There's only so much money a Japanese game can make in a Western market. This largely has to do with cultural differences inbred into the minds of those making these games. Each developer, designer, programmer, and producer leaves behind the fingerprints of their upbringing and culture, even in innocuous things like a line of coding – which, when multiplied by the millions, can make a world of difference in the final product.
Gaming, after many decades, is finally a mainstream affair in America, no longer sidelined or dismissed as a child's plaything with no real weight or value – and Japan had nothing to do with it. This is precisely because of those cultural differences and limitations on influence within Western markets.
This post serves as an expansion, an elaboration, on my previous blog
, focusing on the sacrifice of creativity and innovation for the sake of commercialization and risk reduction. In it, I advocate that the best way for Japanese developers to reach their highest potential for profit is by offering alternatives to Western games. The Japanese must refocus game design towards more original and innovative titles, rather than trying to emulate Western successes – and failing miserably at it (again, due to these cultural limitations and differences).
This post is to detail just why that is.
Love it or hate it, Madden is a big reason why gaming finally got over that hurdle of being ridiculed in this country (back when EA was the king of the market, and everyone's favorite villain). Other games came along and helped it out, especially when Call of Duty got really big. But Madden, at least in my mind, was the originator. If you used to own a game console, obviously you were either an adolescent of limited maturity, a slacker, a loser, or whatever name you want to dig out. Get crazy with it.
But when Madden came out, oh no! See, it's different now: I got this thing to play football!
Yeah, stop frontin': You know you want to come over and try this shit!
Madden was a trojan horse. It let average fathers and boyfriends all across the country buy PS2s without getting that weird look from their spouses (though their parents will never understand it, even today). I mean, yeah: They weren't thrilled
about the idea, but it wasn't any different from when everybody came over on Monday nights anyways. And at least it wasn't one of those weird games, like Final Fantasy!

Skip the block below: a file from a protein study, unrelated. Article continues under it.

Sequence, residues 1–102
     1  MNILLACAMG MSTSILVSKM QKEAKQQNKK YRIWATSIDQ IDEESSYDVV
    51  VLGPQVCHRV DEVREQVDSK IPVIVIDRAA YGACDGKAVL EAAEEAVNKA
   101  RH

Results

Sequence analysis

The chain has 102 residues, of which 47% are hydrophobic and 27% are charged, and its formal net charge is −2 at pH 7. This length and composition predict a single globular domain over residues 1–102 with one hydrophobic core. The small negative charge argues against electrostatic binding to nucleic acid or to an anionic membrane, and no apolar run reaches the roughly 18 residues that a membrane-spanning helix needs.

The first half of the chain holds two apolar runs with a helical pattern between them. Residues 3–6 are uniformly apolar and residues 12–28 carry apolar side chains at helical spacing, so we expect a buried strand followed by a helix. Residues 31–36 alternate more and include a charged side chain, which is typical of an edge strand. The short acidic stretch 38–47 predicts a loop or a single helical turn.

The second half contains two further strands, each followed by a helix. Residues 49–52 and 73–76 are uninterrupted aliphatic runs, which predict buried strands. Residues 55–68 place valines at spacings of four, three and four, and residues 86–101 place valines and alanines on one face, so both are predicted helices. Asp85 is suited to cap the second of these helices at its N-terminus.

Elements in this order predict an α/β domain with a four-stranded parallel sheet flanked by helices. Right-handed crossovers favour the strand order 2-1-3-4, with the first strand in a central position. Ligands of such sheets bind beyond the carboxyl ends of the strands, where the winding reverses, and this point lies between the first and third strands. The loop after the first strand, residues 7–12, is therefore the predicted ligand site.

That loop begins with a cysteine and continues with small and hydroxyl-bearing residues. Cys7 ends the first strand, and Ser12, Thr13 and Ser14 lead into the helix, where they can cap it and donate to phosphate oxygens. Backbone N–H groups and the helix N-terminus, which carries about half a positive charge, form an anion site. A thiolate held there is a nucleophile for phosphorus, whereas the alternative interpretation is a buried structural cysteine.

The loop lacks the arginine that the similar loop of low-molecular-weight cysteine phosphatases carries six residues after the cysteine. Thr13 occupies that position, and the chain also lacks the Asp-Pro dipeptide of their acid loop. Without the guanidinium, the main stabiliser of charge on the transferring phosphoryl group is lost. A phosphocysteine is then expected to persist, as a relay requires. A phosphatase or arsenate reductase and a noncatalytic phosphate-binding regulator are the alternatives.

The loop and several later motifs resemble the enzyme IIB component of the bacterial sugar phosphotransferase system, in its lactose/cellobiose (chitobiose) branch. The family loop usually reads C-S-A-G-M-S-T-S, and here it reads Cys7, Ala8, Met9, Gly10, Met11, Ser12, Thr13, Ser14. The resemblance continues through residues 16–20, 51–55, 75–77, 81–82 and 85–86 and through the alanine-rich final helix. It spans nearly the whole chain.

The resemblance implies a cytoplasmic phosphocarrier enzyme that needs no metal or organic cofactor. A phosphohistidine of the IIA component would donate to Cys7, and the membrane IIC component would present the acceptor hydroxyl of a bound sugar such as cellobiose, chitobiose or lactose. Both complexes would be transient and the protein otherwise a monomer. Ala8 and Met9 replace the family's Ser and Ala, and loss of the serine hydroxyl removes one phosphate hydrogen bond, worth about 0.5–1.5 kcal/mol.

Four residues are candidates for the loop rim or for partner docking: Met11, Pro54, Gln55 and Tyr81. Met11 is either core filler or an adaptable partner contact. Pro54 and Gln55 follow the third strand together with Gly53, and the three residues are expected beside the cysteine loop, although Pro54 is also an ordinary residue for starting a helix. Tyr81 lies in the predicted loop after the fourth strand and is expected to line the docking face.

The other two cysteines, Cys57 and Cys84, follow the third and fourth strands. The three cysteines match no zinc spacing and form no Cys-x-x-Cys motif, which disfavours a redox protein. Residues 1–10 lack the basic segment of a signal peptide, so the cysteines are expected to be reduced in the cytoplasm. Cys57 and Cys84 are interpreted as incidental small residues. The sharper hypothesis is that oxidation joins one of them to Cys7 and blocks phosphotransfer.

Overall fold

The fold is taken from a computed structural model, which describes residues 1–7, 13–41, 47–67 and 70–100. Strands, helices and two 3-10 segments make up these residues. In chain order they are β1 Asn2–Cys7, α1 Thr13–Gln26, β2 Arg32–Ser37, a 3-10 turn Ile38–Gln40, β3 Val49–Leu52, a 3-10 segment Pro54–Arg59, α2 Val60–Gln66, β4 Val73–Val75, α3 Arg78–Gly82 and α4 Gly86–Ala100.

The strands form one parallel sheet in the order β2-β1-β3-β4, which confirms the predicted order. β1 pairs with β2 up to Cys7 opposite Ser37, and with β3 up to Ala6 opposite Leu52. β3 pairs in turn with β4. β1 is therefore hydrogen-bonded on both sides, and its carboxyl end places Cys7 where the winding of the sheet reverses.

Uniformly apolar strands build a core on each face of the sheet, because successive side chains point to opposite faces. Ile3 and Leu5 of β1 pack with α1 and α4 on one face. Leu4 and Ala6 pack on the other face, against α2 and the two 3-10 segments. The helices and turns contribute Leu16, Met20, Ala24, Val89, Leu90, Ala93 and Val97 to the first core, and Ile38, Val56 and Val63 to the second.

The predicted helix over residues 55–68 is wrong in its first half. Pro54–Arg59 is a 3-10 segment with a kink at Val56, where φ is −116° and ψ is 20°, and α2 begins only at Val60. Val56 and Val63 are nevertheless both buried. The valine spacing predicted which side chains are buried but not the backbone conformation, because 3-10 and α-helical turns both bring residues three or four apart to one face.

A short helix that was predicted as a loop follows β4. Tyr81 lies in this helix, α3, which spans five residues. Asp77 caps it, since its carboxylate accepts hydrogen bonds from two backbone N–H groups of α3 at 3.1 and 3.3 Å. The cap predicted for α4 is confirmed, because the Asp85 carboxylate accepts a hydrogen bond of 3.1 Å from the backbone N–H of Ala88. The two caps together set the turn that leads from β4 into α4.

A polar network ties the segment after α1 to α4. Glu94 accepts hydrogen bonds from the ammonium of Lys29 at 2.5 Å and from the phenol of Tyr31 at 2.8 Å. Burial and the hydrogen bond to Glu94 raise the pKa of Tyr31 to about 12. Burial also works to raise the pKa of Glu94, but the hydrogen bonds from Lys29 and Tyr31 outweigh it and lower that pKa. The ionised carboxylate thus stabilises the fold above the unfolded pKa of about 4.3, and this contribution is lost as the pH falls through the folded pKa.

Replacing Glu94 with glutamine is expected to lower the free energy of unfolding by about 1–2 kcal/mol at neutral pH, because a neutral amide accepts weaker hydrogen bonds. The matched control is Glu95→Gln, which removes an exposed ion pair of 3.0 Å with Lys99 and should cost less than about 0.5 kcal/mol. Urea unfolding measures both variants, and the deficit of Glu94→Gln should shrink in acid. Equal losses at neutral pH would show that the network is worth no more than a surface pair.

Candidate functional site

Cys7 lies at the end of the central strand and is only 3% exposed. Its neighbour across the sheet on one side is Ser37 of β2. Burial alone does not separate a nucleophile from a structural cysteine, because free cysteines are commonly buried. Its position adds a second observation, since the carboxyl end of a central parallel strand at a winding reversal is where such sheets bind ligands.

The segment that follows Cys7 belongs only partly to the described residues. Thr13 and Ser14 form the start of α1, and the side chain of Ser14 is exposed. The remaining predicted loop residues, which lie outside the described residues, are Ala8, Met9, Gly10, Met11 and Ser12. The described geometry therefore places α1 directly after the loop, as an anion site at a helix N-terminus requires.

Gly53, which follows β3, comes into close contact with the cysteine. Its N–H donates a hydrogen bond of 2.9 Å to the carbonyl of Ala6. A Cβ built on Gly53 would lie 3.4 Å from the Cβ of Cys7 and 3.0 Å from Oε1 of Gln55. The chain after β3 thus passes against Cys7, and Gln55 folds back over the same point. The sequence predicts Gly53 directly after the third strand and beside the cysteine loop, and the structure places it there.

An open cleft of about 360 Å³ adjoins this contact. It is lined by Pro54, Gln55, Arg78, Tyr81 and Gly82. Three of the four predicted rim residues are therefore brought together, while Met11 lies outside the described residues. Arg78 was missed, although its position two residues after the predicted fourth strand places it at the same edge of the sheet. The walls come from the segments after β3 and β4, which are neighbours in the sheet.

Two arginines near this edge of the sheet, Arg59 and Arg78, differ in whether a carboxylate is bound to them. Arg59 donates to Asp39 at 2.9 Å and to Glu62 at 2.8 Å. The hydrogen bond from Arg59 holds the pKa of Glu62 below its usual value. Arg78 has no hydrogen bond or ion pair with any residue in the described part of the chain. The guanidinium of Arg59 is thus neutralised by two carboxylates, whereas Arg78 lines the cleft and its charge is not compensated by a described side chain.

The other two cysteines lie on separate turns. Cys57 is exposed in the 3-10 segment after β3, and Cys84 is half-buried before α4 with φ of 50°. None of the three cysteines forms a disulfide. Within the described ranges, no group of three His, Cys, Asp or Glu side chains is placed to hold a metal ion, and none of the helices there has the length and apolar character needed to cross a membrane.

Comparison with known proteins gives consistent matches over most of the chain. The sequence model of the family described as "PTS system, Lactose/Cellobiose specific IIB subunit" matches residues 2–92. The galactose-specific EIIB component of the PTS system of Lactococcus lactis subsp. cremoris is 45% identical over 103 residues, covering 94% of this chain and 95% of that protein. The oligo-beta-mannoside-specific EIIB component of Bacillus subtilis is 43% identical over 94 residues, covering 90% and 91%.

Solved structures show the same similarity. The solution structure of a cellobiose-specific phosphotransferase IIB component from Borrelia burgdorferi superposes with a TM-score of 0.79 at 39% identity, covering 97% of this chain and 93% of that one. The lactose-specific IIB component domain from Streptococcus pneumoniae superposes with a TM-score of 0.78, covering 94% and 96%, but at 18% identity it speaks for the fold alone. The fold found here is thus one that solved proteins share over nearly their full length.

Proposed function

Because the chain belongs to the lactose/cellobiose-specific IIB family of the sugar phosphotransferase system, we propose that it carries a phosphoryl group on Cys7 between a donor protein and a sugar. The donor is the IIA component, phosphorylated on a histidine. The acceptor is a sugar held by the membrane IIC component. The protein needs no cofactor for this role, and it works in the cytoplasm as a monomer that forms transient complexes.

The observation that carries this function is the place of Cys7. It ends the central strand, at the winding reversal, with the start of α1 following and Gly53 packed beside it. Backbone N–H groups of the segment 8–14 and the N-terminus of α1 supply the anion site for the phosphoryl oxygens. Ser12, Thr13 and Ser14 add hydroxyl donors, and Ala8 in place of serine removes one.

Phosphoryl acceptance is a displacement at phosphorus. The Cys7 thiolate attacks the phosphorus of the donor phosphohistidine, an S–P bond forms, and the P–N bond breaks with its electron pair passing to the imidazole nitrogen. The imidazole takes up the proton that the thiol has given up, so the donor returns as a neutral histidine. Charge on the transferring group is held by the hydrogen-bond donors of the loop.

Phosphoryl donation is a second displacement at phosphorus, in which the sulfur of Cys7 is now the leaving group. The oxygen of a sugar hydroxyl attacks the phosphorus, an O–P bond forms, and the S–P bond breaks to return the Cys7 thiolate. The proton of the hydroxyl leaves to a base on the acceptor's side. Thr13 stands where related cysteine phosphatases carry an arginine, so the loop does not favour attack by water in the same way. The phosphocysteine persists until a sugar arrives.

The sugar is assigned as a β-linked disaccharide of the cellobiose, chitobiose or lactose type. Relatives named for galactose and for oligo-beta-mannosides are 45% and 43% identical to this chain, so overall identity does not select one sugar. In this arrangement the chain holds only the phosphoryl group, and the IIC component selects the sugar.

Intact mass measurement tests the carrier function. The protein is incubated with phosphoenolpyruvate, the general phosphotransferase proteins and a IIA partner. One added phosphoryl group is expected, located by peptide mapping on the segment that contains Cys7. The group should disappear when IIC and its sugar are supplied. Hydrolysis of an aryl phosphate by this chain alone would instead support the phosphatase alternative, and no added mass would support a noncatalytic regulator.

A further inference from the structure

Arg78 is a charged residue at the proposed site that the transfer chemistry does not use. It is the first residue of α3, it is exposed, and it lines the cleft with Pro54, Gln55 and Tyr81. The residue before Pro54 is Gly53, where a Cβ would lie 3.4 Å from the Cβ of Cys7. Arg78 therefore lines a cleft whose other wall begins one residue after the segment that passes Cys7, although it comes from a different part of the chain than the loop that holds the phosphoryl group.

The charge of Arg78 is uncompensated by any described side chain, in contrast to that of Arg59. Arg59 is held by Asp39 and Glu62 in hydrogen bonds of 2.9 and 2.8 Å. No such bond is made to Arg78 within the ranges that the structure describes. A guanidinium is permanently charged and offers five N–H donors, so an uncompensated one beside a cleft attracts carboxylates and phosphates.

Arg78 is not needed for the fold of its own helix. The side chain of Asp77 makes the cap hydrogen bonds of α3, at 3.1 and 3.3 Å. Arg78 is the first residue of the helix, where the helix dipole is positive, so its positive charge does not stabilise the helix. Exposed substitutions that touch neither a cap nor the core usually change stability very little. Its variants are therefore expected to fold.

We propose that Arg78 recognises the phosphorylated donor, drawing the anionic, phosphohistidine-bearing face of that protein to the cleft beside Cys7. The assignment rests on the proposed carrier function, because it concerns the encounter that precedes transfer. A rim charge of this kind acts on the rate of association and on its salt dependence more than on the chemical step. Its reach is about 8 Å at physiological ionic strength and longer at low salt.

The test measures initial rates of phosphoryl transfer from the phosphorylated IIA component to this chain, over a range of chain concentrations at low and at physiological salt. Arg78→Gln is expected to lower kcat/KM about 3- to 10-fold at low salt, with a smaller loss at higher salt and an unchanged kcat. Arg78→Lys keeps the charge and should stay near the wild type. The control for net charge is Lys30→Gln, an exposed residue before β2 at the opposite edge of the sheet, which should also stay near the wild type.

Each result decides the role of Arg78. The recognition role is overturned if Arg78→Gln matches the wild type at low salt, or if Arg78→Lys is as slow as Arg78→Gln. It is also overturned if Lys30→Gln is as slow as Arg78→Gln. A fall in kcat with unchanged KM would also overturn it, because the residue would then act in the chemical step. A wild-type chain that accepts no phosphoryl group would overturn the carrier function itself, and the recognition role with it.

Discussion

Then some eyebrows would have been raised.
But Madden? Ok. Then time passed, with each year a new Madden, along with some other games to bide the time between installments: NBA2K, the NHL series, other assorted sports games to go along with them. Then there was Halo! Then Guitar Hero, Gears, on and on until the 4 Billion Dollar Baby from Infinity Ward.
Part of it simply was that too many guys were into it. This child's plaything was inescapable because Westerners
finally cracked the code as to what would make a lot of money in the West. That's the problem with this debate: It assumes that Japan was ever on top to begin with in the West, that Japan had ever cracked that code. Relatively speaking, for the time period, they were on top – relatively.
What if Japan is simply doing as well as it's always done? That it merely looks smaller compared to the new Western juggernauts given this sort of renaissance? What if we're unfairly measuring them against the West? And why would it be unfair if we were?
It'd be unfair because of those cultural advantages.
Could a Japanese developer make a football game like Madden? Probably not, because it's not a part of their culture. A game like Madden takes hundreds of people, each with at least a comfortable knowledge of not only the sport and its rules, but the passions and culture around it – all of which the average Japanese, let alone a Japanese programmer, wouldn't know shit about!
Japan struggles to make a AAA shooter because the mentally required for it is not a part of their collective psyche. The Japanese are not exposed to guns and warfare to the level that Americans are, who grow up hunting and playing with toy guns in the backyard. The Japanese don't spend most of their summers watching Rambo and Die Hard like Americans did. It simply is such a foreign concept that there will inevitably be limitations to any sort of attempt to emulate it, and any attempt will falter in comparison to an American equivalent.
It's a lot like asking a vegan chef to cook a roasted chicken. What the hell does a vegan know about cooking chicken, or how to make it taste good? They don't eat chicken at all, and probably never liked it to begin with! (No disrespect to vegans – y'all are fine people in my book).
We have to re-evaluate how we measure Japanese success, and begin to discuss if there are indeed limitations to this success within the West. Will there be overlap, things both cultures enjoy? Of course. Will there be Japanese who are appealed to the stuff the average American is, and vice versa? Undoubtedly - It's how Japan made money in the West in the first place. But in terms of mass market success, the route Japan has taken this generation, in trying to kill its old self and copy the West, hasn't worked.
There are a lot of other issues that contribute to this failure, such as the insistence on developing in-house game engines as opposed to pre-built ones like Unreal, which also deserve a fair look - Japan's problems are not isolated to a single issue.
But can Japan ever really, truly understand the Western gamer and how best to appeal to him?
Probably as much as the West can ever really, truly understand the Japanese gamer and how best to appeal to him.